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Go Back to Work After Baby or Stay Home: How to Decide

By ModernAdvisor | August 10, 2016

When you bring a child into the world, there’s a flood of emotion and an overwhelming sense of responsibility. Questions arise as you begin to embrace your new life. How do you decide what’s the best long-term childcare arrangement for you and your family? Should you go back to work, or stay home to care for your child?


While everyone’s particular situation is different, you can apply some critical steps to arrive at the right answer for your family. In this post, we’ll look at the key factors to review before committing to either staying at home or going back to work. And because this is real life, not an economics textbook, we’ll look at both the hard numbers as well as the less quantifiable, emotional and social considerations.


Considering Benefits in 2016

Begin your approach to the question with a review of the numbers. All critical decisions in life are guided by our personal finance profile; this should be no different. The question of returning to work is often, “can I afford to stay at home?” There are some great resources to help defray the cost of a child.


Forgoing a salary to stay at home can be unnerving. Evaluate your income from the Canada Child Benefit program. This recently-revamped mandate offers simplicity and value. Those who earn less than $30,000 and have a child under six will receive a maximum benefit of $6,400. These benefits carry on as your child grows up. For each child between 6 and 17, the parent will receive $5,400 a year. The payments are broken into monthly instalments and are completely tax-free. A useful benefits calculator will determine your specific payment. This plan is new as of 2016 and will have 9 out of 10 Canadian families receiving more than they did under the old plan.


A Better Way to Estimate Costs

Get a clear estimate of what childcare will cost if you return to work. There are plenty of statistics to help you understand the real numbers. It’s worth taking the time to do this right because child care costs in Canada range from $152 a month (Quebec) to $1,676 (Toronto). The cost of care is front-loaded with the greater expense coming early and gradually tapering off, as your child gets older. Your place of residence will have a considerable influence on what you can expect to pay. On average 4% of a woman’s income in Gatineau, Quebec goes to child care. In Brampton, Ontario it’s 36%. When making your decision consult the excellent cost by city data provided in the latest survey of child care cost in Canada.


The maximum EI benefit for maternity leave is 15 weeks, and 35 weeks for parental benefits. The Canadian Centre for Policy Alternatives reports that “Among mothers who were employed before having a child, 90% took parental leave for an average of 44 weeks after the birth of their child.”


You may also want to consider future costs. For example, how important is it to you to save for your child’s education? Can you afford to contribute to an RESP for your child on one income?



Understanding Tax Implications

There are tax benefits for families that you should consider in your financial review. Costs that are not covered by Medicare like prenatal care can be claimed on your tax return. Additionally, the family tax cut credit can work to your advantage. Those who are eligible and have one child, or more, under the age of 18 can move up to $50,000 of taxable income away from the highest earning spouse to the lower earning spouse. The maximum credit permitted is $2,000. The CRA offers a wealth of information on this benefit.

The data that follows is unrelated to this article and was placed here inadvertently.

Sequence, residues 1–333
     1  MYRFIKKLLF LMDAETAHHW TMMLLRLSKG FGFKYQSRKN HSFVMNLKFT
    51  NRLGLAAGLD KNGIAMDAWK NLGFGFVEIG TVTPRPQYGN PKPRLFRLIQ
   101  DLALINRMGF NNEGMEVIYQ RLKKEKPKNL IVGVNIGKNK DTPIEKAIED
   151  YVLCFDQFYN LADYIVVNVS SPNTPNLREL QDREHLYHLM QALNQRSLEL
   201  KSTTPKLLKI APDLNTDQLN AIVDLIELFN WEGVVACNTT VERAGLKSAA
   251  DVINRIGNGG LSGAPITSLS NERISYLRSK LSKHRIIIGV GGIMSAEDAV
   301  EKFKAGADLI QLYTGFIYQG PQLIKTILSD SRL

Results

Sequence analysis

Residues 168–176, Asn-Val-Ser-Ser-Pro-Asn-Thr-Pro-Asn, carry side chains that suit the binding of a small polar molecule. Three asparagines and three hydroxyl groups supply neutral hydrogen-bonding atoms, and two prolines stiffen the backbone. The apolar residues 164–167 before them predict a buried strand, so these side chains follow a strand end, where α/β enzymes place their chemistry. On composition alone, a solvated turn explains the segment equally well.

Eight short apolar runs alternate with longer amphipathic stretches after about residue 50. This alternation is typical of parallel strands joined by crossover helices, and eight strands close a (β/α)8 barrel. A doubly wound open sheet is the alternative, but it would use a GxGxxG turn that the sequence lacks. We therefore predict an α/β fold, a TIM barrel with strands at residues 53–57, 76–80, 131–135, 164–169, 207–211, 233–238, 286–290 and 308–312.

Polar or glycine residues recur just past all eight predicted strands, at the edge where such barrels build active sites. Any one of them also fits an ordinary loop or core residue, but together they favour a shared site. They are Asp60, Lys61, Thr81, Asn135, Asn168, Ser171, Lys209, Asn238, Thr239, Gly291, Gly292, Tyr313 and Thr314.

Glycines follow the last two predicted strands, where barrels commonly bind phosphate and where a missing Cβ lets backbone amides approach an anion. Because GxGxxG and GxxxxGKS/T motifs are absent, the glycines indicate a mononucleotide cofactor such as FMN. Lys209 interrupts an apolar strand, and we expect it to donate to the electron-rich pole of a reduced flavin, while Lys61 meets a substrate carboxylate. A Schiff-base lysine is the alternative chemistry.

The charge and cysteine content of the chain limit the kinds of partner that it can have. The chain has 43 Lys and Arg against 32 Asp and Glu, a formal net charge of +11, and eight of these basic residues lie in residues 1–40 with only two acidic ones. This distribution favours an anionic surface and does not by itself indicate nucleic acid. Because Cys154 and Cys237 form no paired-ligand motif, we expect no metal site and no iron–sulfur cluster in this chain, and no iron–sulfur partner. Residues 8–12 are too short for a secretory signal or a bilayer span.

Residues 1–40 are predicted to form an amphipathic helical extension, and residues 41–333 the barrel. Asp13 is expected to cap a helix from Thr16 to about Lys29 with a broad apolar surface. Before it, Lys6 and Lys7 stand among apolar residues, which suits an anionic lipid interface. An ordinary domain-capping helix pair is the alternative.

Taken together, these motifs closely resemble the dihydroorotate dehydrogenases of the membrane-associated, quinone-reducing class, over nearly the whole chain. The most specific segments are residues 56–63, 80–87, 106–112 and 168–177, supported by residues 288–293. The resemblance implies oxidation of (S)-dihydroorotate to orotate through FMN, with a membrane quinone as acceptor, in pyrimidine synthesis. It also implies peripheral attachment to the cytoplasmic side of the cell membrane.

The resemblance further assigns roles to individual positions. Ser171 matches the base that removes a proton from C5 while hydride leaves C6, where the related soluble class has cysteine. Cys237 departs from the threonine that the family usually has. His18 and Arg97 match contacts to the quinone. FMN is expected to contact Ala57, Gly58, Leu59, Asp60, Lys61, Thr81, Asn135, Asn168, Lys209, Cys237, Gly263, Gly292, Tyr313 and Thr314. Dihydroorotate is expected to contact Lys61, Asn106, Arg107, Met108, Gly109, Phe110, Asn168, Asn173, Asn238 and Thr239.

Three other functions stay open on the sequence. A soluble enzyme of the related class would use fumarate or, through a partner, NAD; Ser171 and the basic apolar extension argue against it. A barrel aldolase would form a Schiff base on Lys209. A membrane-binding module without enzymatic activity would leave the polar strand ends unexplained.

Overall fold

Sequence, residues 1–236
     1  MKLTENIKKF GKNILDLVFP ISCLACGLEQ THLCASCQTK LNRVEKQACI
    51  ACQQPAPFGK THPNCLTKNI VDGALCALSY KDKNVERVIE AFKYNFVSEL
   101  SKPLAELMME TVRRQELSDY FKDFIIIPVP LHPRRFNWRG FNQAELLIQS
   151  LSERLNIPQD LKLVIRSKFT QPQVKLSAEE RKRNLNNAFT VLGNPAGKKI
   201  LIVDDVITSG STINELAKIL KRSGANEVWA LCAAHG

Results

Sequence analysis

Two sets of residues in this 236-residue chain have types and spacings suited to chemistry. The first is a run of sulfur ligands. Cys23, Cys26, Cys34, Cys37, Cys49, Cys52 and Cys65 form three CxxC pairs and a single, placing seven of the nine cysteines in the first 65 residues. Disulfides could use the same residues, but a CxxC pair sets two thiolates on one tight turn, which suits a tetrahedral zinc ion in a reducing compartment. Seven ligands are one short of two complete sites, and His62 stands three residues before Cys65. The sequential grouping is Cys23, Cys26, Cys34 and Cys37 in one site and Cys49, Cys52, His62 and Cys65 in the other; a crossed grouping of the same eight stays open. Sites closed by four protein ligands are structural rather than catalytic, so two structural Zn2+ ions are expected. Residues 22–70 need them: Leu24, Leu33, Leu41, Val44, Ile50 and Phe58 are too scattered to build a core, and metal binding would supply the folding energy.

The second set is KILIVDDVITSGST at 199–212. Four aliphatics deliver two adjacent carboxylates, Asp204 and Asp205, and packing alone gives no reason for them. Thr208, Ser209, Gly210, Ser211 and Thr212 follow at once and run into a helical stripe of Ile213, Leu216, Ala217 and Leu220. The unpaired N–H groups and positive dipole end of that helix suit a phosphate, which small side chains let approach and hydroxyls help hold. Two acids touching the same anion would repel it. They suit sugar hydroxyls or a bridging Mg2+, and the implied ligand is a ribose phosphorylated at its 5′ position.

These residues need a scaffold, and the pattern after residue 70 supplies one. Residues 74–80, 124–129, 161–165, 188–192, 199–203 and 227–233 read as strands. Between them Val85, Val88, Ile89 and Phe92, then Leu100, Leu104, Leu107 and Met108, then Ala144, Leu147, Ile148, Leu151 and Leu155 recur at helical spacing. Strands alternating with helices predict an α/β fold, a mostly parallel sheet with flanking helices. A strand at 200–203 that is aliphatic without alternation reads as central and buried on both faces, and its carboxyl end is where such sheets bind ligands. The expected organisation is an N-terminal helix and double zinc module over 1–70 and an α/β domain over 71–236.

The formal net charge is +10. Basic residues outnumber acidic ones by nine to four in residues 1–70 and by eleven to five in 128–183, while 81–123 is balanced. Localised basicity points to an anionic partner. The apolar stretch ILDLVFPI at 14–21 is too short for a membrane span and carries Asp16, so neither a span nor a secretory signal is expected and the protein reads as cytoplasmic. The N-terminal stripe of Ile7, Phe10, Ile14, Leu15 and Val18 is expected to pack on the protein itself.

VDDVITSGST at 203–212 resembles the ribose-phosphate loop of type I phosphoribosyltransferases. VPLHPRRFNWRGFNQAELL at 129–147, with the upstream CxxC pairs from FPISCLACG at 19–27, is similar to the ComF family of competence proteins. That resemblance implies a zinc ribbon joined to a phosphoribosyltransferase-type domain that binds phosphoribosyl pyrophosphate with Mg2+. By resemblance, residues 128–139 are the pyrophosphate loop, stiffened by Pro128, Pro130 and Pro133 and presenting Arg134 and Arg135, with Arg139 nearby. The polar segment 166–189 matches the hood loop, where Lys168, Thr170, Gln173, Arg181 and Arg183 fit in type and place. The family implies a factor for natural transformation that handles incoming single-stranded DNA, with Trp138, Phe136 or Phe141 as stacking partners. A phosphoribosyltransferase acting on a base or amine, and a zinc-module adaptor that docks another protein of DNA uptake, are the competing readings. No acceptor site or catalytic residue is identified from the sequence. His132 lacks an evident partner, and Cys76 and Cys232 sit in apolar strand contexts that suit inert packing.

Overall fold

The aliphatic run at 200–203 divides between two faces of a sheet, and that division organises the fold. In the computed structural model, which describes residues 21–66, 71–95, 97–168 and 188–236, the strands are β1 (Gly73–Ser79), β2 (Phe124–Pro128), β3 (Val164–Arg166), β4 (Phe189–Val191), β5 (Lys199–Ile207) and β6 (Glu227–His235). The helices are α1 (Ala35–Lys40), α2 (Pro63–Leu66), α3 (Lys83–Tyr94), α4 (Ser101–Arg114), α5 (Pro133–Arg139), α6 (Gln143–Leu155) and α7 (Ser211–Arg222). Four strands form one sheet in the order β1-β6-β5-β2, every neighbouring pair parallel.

Consider the full range of benefits and savings before committing to a final decision. If you’re eligible these programs and provisions can substantially change the year-end numbers for a family. If you want to be home with your child but the raw costs are prohibitive take a closer look at how these tax benefits might change the game.



Considering The Social Implications

The numbers matter but so does the psychology. No one understands a child better than the parent. However, there have been many comprehensive studies designed to examine how a child at home develops compared to one at a daycare. The National Institute of Child Health and Human Development (NICHD) Study of Early Child Care reached some insightful conclusions. The authors report that “Children 6 months of age and older who had more experience in child care centres showed somewhat better cognitive and language development through age 3 and somewhat better pre-academic skills involving letters and numbers at age 4½ than children with less center-based child care experience.” This data is important because so many parents wonder how the presence or lack of a social environment without the parent will influence later development.


The study also yielded insights on the negative aspects of child care outside the home: “center-based and large-group settings are also associated with more problem behaviour just before and just after school entry. these types of care are also linked to more ear infections and upper respiratory and stomach illnesses during the first 3 years of life.” Take stock of what’s important to you and review the rich data within the study.


Think about the choice first with your head, then with your heart; both matter but rarely do they agree completely. It is a choice to be made in full solidarity with your partner so that the commitment is shared. A stable home and a loving support network are the ultimate factors at play.

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